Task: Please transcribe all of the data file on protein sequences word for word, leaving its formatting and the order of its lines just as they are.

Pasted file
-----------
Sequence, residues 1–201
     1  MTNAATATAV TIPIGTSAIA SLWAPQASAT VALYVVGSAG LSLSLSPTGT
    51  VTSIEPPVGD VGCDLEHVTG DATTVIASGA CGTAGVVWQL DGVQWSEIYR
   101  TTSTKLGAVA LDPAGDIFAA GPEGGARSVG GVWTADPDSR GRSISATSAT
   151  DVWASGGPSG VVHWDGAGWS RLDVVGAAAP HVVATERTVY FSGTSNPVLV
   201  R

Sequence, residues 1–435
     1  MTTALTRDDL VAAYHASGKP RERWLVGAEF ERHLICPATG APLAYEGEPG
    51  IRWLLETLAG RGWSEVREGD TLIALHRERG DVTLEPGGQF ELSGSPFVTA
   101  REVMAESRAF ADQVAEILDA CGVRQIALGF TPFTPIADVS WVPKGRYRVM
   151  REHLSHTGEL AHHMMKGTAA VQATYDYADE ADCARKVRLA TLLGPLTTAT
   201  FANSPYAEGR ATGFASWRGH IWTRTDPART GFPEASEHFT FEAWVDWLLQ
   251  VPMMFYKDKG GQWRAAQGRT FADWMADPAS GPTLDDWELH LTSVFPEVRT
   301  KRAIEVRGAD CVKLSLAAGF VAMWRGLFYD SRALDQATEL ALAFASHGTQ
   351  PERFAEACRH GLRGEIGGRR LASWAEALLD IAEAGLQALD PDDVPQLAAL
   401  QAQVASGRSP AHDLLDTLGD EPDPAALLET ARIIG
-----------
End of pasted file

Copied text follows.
Sequence, residues 1–201
     1  MTNAATATAV TIPIGTSAIA SLWAPQASAT VALYVVGSAG LSLSLSPTGT
    51  VTSIEPPVGD VGCDLEHVTG DATTVIASGA CGTAGVVWQL DGVQWSEIYR
   101  TTSTKLGAVA LDPAGDIFAA GPEGGARSVG GVWTADPDSR GRSISATSAT
   151  DVWASGGPSG VVHWDGAGWS RLDVVGAAAP HVVATERTVY FSGTSNPVLV
   201  R

Sequence, residues 1–435
     1  MTTALTRDDL VAAYHASGKP RERWLVGAEF ERHLICPATG APLAYEGEPG
    51  IRWLLETLAG RGWSEVREGD TLIALHRERG DVTLEPGGQF ELSGSPFVTA
   101  REVMAESRAF ADQVAEILDA CGVRQIALGF TPFTPIADVS WVPKGRYRVM
   151  REHLSHTGEL AHHMMKGTAA VQATYDYADE ADCARKVRLA TLLGPLTTAT
   201  FANSPYAEGR ATGFASWRGH IWTRTDPART GFPEASEHFT FEAWVDWLLQ
   251  VPMMFYKDKG GQWRAAQGRT FADWMADPAS GPTLDDWELH LTSVFPEVRT
   301  KRAIEVRGAD CVKLSLAAGF VAMWRGLFYD SRALDQATEL ALAFASHGTQ
   351  PERFAEACRH GLRGEIGGRR LASWAEALLD IAEAGLQALD PDDVPQLAAL
   401  QAQVASGRSP AHDLLDTLGD EPDPAALLET ARIIG